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FCC Waives and Narrows Former Defaulter Rules for Auction 97

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Released: August 29, 2014
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Federal Communications Commission

FCC 14-130

Before the

Federal Communications Commission

Washington, D.C. 20554

In the Matter of

)

)

Petition of DIRECTV Group, Inc. and

)

RM-11395

EchoStar LLC for Expedited Rulemaking to

)

Amend Section 1.2105(a)(2)(xi) and 1.2106(a) of

)

the Commission’s Rules and/or for Interim

)

Conditional Waiver

)

)

Auction of Advanced Wireless Services (AWS-3)

)

AU Docket No. 14-78

Licenses Scheduled for November 13, 2014

)

(Auction 97)

)

ORDER

Adopted: August 29, 2014

Released:

August 29, 2014

By the Commission:

I.

INTRODUCTION

1.

In this Order, we grant a limited blanket waiver of certain Part 1 competitive bidding

rules to applicants for the upcoming auction of AWS-3 licenses (Auction 97) to narrow the circumstances

under which an applicant would be considered a former defaulter and required to submit a larger upfront

payment to qualify to bid in Auction 97.1 Under the Commission’s competitive bidding rules, applicants

that have cured any default on a Commission license or delinquency on any non-tax debt owed to any

Federal agency are considered “former defaulters” and, as such, must provide larger upfront payments to

participate in a Commission spectrum auction.2 Solely with respect to Auction 97, we waive the former

defaulter rules for applicants to exclude any cured default or delinquency for which any of the following

criteria are met: (1) the notice of the final payment deadline or delinquency was received more than seven

years before the Auction 97 short-form application deadline of September 12, 2014; (2) the amount of the

default or delinquency falls below $100,000; (3) the default or delinquency was paid within two quarters

(i.e., 6 months) after receiving the notice of the final payment deadline or delinquency; or (4) the default

or delinquency was the subject of a legal or arbitration proceeding that was cured upon resolution of the

proceeding. Accordingly, only applicants that have a cured default or delinquency that falls outside of

these exclusions must certify to being a “former defaulter” and submit a larger upfront payment in

Auction 97.

1 Auction 97 will offer Advanced Wireless Services licenses in the 1695-1710 MHz, 1755-1780 MHz, and 2155-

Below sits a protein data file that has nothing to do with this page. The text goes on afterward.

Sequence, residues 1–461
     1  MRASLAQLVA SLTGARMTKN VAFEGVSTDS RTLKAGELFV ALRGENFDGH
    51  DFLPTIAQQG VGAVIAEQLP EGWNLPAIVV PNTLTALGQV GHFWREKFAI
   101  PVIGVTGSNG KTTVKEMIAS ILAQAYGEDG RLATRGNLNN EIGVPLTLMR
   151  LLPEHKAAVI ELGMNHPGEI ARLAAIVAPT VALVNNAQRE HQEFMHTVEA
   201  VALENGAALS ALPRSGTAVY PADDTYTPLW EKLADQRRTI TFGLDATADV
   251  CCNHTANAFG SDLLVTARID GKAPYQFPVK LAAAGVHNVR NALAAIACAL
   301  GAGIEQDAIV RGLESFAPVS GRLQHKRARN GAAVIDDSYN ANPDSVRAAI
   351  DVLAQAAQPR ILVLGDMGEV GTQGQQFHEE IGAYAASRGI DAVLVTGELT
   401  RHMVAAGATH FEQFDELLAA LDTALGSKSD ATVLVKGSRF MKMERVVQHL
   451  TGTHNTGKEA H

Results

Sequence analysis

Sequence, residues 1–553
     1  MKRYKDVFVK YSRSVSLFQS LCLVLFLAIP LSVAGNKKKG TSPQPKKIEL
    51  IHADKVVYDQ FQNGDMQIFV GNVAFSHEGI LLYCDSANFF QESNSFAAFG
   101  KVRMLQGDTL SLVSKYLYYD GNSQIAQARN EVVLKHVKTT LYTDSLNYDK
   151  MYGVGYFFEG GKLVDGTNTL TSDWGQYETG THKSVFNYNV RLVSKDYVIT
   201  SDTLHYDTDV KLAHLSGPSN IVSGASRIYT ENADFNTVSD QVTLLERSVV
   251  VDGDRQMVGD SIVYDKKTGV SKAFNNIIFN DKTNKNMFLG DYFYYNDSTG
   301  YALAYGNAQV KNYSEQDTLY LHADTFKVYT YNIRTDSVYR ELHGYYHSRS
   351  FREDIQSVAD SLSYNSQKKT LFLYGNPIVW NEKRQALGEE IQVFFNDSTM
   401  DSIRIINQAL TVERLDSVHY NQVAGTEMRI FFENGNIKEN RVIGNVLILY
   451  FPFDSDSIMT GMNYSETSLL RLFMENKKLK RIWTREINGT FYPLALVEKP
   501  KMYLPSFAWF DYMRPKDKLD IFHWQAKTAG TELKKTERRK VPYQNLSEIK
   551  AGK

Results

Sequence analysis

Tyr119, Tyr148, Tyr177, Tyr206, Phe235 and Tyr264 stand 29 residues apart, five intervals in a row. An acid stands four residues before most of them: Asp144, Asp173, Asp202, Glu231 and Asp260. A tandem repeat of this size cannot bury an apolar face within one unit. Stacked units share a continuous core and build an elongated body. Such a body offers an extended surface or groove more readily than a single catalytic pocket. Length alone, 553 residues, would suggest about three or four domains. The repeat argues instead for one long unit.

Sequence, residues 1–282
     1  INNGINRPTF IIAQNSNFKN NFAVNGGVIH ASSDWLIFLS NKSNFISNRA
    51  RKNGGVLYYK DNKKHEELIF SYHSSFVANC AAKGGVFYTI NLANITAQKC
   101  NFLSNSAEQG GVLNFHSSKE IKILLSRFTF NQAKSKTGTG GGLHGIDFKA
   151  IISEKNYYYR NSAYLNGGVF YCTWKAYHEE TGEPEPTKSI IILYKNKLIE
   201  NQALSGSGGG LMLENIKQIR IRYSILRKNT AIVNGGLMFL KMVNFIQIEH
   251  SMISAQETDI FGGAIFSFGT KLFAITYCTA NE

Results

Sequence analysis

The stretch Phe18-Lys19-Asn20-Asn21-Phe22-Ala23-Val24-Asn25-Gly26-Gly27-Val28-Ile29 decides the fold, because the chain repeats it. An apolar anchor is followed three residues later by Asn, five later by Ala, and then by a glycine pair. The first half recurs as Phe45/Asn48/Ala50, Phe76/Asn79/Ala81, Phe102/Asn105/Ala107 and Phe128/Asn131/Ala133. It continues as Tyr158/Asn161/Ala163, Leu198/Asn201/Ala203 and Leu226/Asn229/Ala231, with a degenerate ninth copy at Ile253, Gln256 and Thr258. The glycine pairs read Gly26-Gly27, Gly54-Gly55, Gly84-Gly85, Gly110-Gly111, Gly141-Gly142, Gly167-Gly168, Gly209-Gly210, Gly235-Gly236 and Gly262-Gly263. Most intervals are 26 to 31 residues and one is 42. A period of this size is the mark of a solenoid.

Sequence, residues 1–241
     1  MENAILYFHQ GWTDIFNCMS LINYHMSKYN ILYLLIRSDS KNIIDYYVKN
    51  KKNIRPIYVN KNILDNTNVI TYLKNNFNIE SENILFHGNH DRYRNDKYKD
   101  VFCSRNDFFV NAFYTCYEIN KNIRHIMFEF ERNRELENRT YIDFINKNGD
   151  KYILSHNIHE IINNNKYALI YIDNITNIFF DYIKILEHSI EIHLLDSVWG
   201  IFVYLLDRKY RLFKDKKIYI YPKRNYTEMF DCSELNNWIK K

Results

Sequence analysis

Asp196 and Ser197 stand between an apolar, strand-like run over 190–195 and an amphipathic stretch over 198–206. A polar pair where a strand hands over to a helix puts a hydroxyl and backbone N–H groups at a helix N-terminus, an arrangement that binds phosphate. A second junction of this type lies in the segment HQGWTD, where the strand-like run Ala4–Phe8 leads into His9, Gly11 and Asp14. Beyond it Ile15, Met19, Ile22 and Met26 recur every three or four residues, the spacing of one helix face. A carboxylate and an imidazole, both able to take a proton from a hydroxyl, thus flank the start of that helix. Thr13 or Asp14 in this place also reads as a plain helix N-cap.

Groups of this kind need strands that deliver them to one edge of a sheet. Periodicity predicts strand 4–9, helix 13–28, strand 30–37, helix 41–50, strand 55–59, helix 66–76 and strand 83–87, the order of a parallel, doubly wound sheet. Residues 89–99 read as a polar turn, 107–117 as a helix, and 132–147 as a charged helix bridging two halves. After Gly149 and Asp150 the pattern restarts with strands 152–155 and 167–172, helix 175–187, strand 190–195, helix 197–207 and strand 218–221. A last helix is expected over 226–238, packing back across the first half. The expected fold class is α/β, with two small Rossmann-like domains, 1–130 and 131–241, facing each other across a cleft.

2180 MHz bands (collectively, “AWS-3”). Auction of Advanced Wireless Services Licenses Scheduled for

November 13, 2014; Comment Sought on Competitive Bidding Procedures for Auction 97, AU Docket No. 14-78,

Public Notice, 29 FCC Rcd 5217 (2014) (Auction 97 Comment Public Notice); Auction of Advanced Wireless

Services (AWS-3) Licenses Scheduled For November 13, 2014; Notice and Filing Requirements, Reserve Prices,

Minimum Opening Bids, Upfront Payments and Other Procedures for Auction 97, AU Docket No. 14-78, Public

Notice, DA 14-1018 (rel. Jul. 23, 2014) (Auction 97 Procedures Public Notice).

2 See 47 C.F.R. §§ 1.2105(a)(2)(xi), 1.2106(a).

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II.

BACKGROUND

2.

Each potential participant in a Commission auction must certify on its pre-auction “short-

form” application whether or not the applicant has ever been in default on any Commission license or has

ever been delinquent on any non-tax debt owed to any Federal agency.3

An applicant is considered to be

a former defaulter if the applicant, including any of its affiliates, its controlling interests, or any of the

affiliates of its controlling interests, has defaulted on any Commission license or been delinquent on any

non-tax debt owed to any Federal agency, but has since remedied all such defaults and cured all of its

outstanding non-tax delinquencies.4 Former defaulters are eligible to bid in a Commission auction

provided they are otherwise qualified; such applicants, however, are required to pay an upfront payment

that is 50 percent more than the normal upfront payment amount.5

3.

In 2007, DIRECTV Group, Inc. and EchoStar LLC (collectively, DIRECTV/EchoStar)

filed a petition for rulemaking requesting that the Commission modify its former defaulter rules.6

DIRECTV/EchoStar argue that the rules apply too broadly to effectively advance the Commission’s goal

of ensuring that auction bidders are financially reliable and urge the Commission to amend the rules.7

DIRECTV/EchoStar also sought an interim conditional waiver of the former defaulter rules in advance of

the 700 MHz auction while the Commission considered their petition.8

DIRECTV/EchoStar asked for a

limited waiver that would exclude from consideration any former defaults or delinquencies that (1)

occurred more than three years before the short-form application deadline; (2) related to personal

obligations of an officer/director of an entity that is not the auction applicant; and (3) totaled less than

$100,000 or 0.1 percent of the average annual gross revenues attributable to the auction applicant,

whichever is less.9 The Commission placed the DIRECTV/EchoStar Petition on public notice,10 and one

3 47 C.F.R. § 1.2105(a)(2)(xi) (former defaulter certification). Each applicant must also certify that, as of the short-

form application deadline, it is currently not in default on any Commission license or delinquent on any non-tax debt

owed to any Federal agency; if it is currently in default or delinquent, it cannot participate in the auction.